Written by: David Vardy
Cabot Martin (1944-2022) was endowed with the temperament of the raging seas which beat upon his native Port aux Basques and imbued with the wisdom of a Newfoundland and Labrador sea captain. Cabot Martin served as an advisor on law and resource policy under Premiers Frank Moores and Brian Peckford. He studied law at Queen’s University and ocean law at the University of Miami. His advice as an advisor to the government and his private contributions later significantly impacted his native province.
Just before his sudden death, and before hurricane Fiona raged against the SW Coast of Newfoundland, he was writing a book about his birthplace, Port au Basques, and its indomitable and unflinching people. He was also writing about a megaproject using wind to produce green hydrogen, proposed for the Port au Port Peninsula, not far from Port aux Basques.
His concern about the nearby wind project was whether local residents, living in adjacent communities, would have a guiding voice in the megaproject. He added fire to a debate that continues to rage and is quintessential to Cabot. It is the conflict between significant developments and the interests of adjacent local communities.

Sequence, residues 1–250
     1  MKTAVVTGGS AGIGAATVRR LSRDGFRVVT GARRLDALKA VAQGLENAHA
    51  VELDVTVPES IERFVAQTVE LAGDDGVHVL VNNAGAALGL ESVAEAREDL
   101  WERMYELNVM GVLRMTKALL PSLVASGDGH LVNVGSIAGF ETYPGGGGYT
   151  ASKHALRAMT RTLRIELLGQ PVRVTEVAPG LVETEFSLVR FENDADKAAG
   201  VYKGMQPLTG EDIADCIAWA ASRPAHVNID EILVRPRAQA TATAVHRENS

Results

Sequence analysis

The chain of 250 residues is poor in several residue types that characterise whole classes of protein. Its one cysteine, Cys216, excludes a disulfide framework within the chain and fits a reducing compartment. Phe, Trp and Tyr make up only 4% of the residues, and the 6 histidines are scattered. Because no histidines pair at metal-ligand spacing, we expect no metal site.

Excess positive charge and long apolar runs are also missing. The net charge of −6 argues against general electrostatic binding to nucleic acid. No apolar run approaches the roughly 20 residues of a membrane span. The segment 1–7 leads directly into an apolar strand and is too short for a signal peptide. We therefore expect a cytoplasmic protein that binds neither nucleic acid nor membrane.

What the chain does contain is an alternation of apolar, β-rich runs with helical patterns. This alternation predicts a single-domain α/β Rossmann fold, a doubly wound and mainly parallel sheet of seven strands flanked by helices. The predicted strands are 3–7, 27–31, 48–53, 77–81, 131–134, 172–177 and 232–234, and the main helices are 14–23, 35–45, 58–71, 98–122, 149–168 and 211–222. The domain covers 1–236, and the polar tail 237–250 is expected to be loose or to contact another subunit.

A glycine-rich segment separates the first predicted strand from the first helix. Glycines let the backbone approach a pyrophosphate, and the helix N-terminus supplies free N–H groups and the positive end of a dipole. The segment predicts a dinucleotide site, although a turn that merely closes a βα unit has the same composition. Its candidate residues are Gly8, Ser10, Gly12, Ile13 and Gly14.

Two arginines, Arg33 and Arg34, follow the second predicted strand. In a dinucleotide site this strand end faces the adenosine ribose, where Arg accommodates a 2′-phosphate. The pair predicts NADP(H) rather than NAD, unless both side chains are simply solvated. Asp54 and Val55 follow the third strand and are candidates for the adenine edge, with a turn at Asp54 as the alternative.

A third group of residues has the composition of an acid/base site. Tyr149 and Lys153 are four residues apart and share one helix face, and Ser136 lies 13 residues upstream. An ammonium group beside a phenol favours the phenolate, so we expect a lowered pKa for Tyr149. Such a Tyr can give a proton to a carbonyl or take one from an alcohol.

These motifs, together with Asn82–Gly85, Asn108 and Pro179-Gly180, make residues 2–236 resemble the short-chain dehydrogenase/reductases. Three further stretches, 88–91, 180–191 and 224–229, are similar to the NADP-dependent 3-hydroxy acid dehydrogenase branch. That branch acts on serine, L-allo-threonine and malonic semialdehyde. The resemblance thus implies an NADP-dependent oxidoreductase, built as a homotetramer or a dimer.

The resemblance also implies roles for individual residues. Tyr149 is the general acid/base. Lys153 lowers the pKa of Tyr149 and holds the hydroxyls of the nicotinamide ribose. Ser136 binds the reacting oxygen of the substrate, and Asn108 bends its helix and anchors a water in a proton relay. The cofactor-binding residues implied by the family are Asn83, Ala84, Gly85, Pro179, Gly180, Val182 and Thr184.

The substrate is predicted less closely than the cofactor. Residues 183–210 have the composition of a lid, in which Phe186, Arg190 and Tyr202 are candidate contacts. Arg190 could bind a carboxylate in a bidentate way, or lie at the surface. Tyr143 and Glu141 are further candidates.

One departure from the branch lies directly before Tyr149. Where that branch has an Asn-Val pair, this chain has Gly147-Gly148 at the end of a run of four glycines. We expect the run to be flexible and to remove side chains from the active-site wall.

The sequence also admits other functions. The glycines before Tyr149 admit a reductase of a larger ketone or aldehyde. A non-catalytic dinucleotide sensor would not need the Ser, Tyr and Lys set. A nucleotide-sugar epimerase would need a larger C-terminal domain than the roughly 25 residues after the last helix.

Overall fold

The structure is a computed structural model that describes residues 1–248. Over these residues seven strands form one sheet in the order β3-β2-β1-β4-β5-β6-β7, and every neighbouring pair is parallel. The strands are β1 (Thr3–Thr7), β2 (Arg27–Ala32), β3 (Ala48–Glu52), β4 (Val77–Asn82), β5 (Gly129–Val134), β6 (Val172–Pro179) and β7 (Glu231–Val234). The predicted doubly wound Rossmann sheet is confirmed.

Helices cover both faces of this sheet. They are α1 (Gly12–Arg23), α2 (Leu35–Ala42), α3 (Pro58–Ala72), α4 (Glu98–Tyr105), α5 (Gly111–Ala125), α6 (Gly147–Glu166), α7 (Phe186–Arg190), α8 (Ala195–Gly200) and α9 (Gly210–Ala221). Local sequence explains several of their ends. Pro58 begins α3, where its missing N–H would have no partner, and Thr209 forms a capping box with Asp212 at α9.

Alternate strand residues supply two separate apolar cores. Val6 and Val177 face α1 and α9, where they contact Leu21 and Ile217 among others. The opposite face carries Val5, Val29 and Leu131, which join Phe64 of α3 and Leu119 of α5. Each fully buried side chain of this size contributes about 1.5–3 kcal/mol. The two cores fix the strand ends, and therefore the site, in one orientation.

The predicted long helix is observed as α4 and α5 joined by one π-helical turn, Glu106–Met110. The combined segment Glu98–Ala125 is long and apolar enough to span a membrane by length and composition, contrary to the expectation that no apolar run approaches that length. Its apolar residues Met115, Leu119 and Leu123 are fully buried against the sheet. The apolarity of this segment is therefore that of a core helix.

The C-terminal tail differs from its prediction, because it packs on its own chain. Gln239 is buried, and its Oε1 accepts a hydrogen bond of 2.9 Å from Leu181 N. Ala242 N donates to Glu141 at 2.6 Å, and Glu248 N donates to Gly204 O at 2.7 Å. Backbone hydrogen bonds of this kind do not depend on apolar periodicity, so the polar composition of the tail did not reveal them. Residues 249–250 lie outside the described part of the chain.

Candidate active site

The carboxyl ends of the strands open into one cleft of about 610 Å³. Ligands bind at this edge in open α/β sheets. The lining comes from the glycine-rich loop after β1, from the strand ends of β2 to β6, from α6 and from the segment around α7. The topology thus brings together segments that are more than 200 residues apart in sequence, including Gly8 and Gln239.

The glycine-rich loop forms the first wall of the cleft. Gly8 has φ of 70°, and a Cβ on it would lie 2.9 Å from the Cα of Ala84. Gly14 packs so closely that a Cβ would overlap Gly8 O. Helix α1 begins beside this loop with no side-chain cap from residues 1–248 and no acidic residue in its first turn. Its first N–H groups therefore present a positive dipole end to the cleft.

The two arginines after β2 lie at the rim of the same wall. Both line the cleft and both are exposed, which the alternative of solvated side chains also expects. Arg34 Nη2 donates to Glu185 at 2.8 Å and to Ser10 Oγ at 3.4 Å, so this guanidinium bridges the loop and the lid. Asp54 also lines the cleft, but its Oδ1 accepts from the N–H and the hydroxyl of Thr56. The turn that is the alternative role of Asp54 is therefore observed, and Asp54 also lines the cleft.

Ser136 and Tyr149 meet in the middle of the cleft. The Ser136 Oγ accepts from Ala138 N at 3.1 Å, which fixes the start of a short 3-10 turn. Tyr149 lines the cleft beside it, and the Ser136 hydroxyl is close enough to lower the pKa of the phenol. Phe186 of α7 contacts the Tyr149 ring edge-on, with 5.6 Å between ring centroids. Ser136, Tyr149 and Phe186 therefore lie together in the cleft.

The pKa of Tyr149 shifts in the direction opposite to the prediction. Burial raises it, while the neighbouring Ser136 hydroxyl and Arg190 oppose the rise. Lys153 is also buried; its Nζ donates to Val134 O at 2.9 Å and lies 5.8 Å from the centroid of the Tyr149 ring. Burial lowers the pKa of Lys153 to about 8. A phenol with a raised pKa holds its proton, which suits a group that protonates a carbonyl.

Cabot was a visionary, a scholar with eclectic interests, including the law and the sea, trained in law but rooted in the sea and the coastal communities that draw their breath from the raging ocean. These coastal communities and their interface with the raging sea typify Canada at large and the relationship between its communities and its large land mass, with the longest coastline in the world. In developing the rich resources of Canada, including the marine resources of Newfoundland and Labrador, the challenge is to empower local communities so they can reap the benefits, even when the resource extractors are global in scale and often more concerned with world markets than with adjacent communities.
Cabot was not only a visionary and a thinker; he was also a realist and a doer. But, above all, he had confidence in the people living in coastal communities and in their ability to manage their destinies. He advocated strong local governance, imbued with the confidence to take control of their affairs. Some would call it the principle of “subsidiarity”, devolving governance close to people. Cabot called it the “adjacency principle”, where local communities make key decisions on the matters that are vital to their interest.